Last Updated on Thursday, 21 February 2019, 17:23 by Writer
Former President Bharrat Jagdeo on Thursday declared that he had nothing to do with convicted drug lord, Shaheed ‘Roger’ Khan or a phantom gang and said if he is found guilty of crimes here, he should be jailed again.
“We are not afraid of Roger Khan’s release because we had nothing to do with Roger Khan and if he did crime in Guyana he must face the consequences too. We’re not afraid of that,” Jagdeo said.
Khan, who is expected to be released on July 8, 2019 from a US jail for trafficking cocaine to that country, had stated in several newspaper statements before he had been captured in neighbouring Suriname that he had prevented the Jagdeo administration from being toppled by a coup.
Khan fled Guyana illegally and was captured on June 15, 2006 in Suriname and flown directly to Trinidad from where he was collected by US law enforcement agents and flown to New York and immediately arraigned on drug trafficking charges. He was convicted and jailed in 2009.
Jagdeo said although police and soldiers had faced resistance from pro-government supporters in going after heavily armed gang members, his then administration had never linked up with Khan or the notorious phantom squad at the time. He said the then government had “the entire force of the State” of well-trained soldiers and police to fight criminals and so there had been no need for gangs.
“We had men who were authorised to carry weapons and, empowered by our laws and constitution, to fight bandits… The problem was every time the soldiers went into Buxton, you had two political leaders from APNU (A Partnership for National Unity) who would show up there, mobilised people, got 30 women and kids to come out in front of the soldiers. The bandits are running to the backdam and so you can’t shoot at them,” he said.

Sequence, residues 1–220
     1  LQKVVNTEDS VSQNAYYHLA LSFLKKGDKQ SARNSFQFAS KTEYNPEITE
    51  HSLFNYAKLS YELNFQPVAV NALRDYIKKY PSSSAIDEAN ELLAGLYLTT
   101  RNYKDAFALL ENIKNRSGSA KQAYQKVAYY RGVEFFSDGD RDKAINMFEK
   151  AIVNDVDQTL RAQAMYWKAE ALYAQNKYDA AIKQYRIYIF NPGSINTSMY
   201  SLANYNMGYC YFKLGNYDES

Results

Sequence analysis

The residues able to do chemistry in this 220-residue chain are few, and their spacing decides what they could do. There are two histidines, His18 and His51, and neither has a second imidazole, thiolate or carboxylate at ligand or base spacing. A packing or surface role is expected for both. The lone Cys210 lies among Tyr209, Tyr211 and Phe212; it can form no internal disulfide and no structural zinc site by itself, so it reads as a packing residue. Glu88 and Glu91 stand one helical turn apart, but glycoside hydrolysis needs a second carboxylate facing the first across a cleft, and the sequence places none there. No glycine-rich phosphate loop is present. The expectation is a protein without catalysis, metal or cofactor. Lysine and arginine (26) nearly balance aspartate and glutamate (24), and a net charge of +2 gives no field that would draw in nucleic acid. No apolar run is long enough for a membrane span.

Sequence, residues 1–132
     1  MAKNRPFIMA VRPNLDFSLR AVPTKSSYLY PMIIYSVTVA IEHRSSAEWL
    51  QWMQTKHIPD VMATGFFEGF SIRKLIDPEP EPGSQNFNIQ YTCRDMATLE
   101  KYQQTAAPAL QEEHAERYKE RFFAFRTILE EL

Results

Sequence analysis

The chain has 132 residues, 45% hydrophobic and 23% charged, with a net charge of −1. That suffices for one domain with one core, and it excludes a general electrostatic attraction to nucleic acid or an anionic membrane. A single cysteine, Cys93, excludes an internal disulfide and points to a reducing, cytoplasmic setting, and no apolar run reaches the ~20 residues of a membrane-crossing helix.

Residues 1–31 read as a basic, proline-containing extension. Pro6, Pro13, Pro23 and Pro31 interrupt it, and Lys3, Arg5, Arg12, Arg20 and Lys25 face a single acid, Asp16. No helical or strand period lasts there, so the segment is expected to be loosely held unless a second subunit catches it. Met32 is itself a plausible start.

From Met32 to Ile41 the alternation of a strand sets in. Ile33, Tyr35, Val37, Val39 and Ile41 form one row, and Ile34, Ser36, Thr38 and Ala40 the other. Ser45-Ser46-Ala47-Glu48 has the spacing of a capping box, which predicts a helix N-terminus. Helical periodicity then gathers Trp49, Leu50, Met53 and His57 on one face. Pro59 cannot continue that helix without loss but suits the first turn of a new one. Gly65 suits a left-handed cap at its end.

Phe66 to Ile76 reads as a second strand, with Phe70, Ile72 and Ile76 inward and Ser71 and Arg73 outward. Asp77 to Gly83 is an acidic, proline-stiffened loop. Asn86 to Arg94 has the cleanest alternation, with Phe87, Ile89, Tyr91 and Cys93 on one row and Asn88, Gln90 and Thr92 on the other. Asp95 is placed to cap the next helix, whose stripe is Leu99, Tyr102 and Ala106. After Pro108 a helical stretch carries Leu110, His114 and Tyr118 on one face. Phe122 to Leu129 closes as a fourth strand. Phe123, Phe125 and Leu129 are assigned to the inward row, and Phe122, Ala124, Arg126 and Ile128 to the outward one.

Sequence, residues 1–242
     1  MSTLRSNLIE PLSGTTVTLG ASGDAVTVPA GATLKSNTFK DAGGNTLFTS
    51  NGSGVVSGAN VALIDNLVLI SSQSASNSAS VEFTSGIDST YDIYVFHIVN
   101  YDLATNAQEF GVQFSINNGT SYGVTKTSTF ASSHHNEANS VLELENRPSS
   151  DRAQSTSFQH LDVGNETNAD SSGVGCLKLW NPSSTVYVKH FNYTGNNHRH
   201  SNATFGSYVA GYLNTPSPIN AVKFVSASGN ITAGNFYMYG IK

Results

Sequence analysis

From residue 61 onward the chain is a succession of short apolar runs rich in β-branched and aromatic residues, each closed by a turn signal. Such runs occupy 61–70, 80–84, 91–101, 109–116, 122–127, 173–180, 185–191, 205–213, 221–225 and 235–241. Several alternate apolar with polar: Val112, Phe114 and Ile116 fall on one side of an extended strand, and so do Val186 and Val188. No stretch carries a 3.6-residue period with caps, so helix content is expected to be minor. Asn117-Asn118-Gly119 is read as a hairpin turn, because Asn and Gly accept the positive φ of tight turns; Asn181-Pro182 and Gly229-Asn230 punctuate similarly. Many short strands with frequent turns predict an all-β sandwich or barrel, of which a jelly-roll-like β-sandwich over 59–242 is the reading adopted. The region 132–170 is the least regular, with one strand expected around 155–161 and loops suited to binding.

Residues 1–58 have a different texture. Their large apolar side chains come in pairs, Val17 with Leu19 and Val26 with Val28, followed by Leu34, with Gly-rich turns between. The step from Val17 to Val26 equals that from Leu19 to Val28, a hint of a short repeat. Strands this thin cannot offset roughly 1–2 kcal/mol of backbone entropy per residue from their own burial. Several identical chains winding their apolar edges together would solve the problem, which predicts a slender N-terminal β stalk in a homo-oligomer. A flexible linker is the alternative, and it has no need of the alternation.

He also reminded a news conference that Khan had also stated in a full-page advertisement that the then opposition People’s National Congress Reform (PNCR) “were funding the bandits and creating the reign of terror”. “You can’t believe conveniently,” said Jagdeo who was President from 1999 to 2011.
Suggesting that lawyers for phantom gang members at that time had been linked to the then political opposition, Jagdeo added that President David Granger now appeared reluctant to hold a Commission of Inquiry into the “troubles” of 2002 to 2008 – a period of murders, massacres, disappearances, kidnappings and robberies – because he feared of connections being known. “Why do you think President Granger does not want a Commission of Inquiry into this matter? …I think he was dissuaded from investigating this period because, by now, a lot of those same PNC people, some of them – the top officials – that many of them would now be facing court action,” he said.
Asked whether he believed Khan should be prosecuted for any crimes he allegedly committed in Guyana, Jagdeo said “if any charge could be proven against him, the State has all the authority and the right to do so”.
Told that evidence in a US court had shown that then Minister of Health, Dr. Leslie Ramsammy had allegedly authorised on a government letterhead the purchase of sophisticated telecommunications interception equipment that is sold only to governments, he said that was merely an unsubstantiated claim. “That has never been proven with official testimony. That has never been proven. Leslie Ramsammy said he never did. That is it. It is these old rumours…,” he said.
Khan and several of his cohorts had been arrested by police and soldiers at Good Hope Public Road, East Coast Demerara, in a bullet-proof vehicle with high-powered weapons and cellular phone interception and triangulation/location equipment.
US Embassy diplomatic cables had said that Khan had links to Colombia’s narco-traffickers, and threatened to blow up a US Drug Enforcement Administration outpost if it had been established in Georgetown. The US embassy had also reported that Khan had penetrated almost all levels of the Guyana Government and had also smuggled arms in exchange for cocaine.